Job-creation lessons from the past
The Obama administration and others on the left seemed to be stunned when the Bureau of Labor Statistics reported no new net jobs last month. When President Obama makes his “jobs speech,” the American people will see whether he and his advisers have learned anything from the three years of Obamanomics failures.
Historically, the American economy has been a phenomenal job-creating machine. In a well-functioning economy, the increase in jobs parallels the increase in population. As can be seen in the accompanying table, during eight Reagan years, jobs grew at a much faster rate than did the population, as many disheartened workers re-entered the labor force after the Carter economic fiasco. Almost 17 million new civilian jobs were created from 1981 through 1989, which was 9 million more than can be explained by population growth. Likewise, during the Clinton years from 1993 through 2001, 7 million more jobs were created than can be explained by population growth alone.
But during the presidencies of George H.W. Bush and George W. Bush, job growth did not keep up with population growth. If it had, there would have been approximately 3.7 million more jobs created between 1989 and 1993 and 5.9 million more jobs between 2001 and 2009. The Obama record is far worse. The total number of jobs actually has decreased by 2.6 million since January 2009; if job growth had merely kept up with population growth during that period, there would be 4.8 million additional jobs. At the end of recession, the number of jobs normally grows far faster than population, but not this time.
The unemployment rate is a flawed measure because during weak economic periods, many discouraged people drop out of the labor force; thus, the labor force/population ratio declines and the real unemployment rate is understated.
As President Obama searches for solutions to the jobs problem, he ought to look at the policies that worked successfully during the Reagan and Clinton administrations.
The Reagan administration sharply reduced marginal tax rates in both the first and second terms, but there was only a small reduction in the tax burden as a percentage of gross domestic product (GDP) — about 1 percent of GDP from 1981 to 1989.
However, the job-creating businesspeople knew with great certainty that the tax cost of hiring new workers and investing in new plants and equipment would be going down, not up. They also knew that the administration was serious about applying cost-benefit tests to proposed regulations. In spite of all the talk about reducing government spending, spending as a percentage of GDP did not fall during the first Reagan administration because the cost of the military buildup offset the reductions in domestic spending. Spending as a percentage of GDP dropped 2 full percentage points during Reagan’s second term, which was also the period of the most rapid job growth.
Government spending dropped during both terms of the Clinton administration, from 21.4 percent of GDP in 1993 to 18.2 percent of GDP in 2001. President Clinton did increase taxes during his first term but signed the reduction in the capital gains tax rate in his second term. However, most have forgotten that the economy had stagnated at the end of the second Clinton term and the economy was in recession in the first quarter of 2001, when George W. Bush took office — well before Sept. 11, 2001. In retrospect, Mr. Clinton should have cut taxes more sharply in his second term.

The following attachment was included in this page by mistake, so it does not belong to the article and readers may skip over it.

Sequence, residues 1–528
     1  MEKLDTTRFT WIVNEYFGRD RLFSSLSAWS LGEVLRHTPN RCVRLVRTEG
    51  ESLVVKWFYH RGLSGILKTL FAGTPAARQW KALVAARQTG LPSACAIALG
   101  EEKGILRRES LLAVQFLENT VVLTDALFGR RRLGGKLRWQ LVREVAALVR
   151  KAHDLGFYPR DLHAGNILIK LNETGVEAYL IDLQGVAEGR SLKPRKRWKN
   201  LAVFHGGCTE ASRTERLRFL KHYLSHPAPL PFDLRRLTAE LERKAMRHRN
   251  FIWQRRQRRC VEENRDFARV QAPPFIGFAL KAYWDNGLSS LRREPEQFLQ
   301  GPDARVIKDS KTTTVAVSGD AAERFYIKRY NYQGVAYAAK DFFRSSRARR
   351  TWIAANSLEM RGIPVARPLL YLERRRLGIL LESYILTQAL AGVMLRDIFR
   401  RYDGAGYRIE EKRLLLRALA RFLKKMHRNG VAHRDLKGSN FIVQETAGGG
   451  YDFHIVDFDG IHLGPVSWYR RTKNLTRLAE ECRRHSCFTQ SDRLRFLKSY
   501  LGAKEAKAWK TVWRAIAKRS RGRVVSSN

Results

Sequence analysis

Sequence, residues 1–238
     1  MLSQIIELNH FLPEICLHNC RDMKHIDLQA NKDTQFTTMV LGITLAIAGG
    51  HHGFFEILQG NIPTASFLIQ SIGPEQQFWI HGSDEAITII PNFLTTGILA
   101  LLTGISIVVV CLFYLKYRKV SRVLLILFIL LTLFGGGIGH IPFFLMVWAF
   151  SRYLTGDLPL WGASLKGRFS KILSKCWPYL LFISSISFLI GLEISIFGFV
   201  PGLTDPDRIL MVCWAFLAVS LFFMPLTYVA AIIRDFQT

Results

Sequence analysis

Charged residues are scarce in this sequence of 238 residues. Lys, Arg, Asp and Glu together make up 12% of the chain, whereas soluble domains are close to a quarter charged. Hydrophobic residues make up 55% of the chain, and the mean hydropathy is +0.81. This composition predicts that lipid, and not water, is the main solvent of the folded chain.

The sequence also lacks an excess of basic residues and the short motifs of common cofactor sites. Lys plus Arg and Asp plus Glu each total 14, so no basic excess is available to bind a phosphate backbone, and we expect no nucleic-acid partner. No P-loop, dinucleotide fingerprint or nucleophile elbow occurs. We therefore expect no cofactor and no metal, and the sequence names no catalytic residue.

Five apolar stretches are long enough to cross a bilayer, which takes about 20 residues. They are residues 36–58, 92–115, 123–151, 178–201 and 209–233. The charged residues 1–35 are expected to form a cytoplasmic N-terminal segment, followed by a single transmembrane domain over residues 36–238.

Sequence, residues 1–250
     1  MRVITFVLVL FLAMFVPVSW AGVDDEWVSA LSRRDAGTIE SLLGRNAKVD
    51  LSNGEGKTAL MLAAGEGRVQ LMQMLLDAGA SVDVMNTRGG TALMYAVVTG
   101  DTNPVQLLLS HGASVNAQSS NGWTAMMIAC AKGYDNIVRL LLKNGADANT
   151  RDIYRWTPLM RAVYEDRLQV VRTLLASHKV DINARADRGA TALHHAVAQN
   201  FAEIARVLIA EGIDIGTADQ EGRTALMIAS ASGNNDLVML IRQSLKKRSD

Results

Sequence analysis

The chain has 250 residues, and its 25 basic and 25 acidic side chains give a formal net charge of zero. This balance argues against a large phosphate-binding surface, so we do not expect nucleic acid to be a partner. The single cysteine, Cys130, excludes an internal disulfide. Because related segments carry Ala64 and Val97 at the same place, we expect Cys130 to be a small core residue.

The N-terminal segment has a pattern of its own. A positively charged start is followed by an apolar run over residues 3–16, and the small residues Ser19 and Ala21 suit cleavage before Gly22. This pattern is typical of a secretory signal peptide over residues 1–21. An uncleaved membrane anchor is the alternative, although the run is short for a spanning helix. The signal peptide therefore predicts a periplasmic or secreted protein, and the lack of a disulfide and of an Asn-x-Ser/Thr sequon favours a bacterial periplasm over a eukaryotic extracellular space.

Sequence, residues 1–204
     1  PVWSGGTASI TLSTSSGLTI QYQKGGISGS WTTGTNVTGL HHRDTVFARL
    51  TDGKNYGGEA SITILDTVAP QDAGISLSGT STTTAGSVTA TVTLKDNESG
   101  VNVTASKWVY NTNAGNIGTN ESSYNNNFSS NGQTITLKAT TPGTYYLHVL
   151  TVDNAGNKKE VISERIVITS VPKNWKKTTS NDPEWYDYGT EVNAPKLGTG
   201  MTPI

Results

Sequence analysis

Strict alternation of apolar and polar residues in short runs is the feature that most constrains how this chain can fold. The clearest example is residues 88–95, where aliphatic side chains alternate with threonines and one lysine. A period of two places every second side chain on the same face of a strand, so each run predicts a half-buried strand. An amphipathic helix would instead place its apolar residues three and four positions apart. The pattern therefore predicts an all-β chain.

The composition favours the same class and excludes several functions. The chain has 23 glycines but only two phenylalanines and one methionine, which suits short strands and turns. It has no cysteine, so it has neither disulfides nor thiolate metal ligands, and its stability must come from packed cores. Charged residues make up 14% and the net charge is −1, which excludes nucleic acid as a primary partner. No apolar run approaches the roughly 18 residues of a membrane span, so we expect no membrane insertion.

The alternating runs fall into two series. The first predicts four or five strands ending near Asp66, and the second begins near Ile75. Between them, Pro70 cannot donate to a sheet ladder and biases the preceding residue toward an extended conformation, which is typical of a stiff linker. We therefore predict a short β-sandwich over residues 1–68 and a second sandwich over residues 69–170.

The first President Bush abandoned his “flexible freeze” to control spending shortly after taking office and reneged on his “no new taxes pledge,” both of which turned out to be mistakes. The second President Bush did cut tax rates but allowed spending to rise 2 full percentage points of GDP during his two terms.
The lessons should be obvious to Mr. Obama and his advisers. Increases in government spending are associated with lower — not higher — job creation and vice versa. (This has been true for the 100 years for which there are good records.) Job creators do not hire workers when they fear higher taxes in the future. Temporary tax and spending gimmicks such as infrastructure projects also have proved not to create net new jobs.
The president should have said in his Sept. 8 speech: “I pledge not to propose any increase in taxes until unemployment is under 5 percent. I promise to come forth with a budget next month that will reduce spending each year, so within four years, it will be no higher than 19 percent of GDP. And I am issuing a freeze on all new regulations, which will remain in effect until each new proposed regulation can be shown to be cost-effective.” That would take him about 30 seconds to say. Most listeners would be happy to turn to the football game, the markets would have soared on Friday, businesspeople would start hiring, and the president might even be re-elected.
Richard W. Rahn is a senior fellow at the Cato Institute and chairman of the Institute for Global Economic Growth.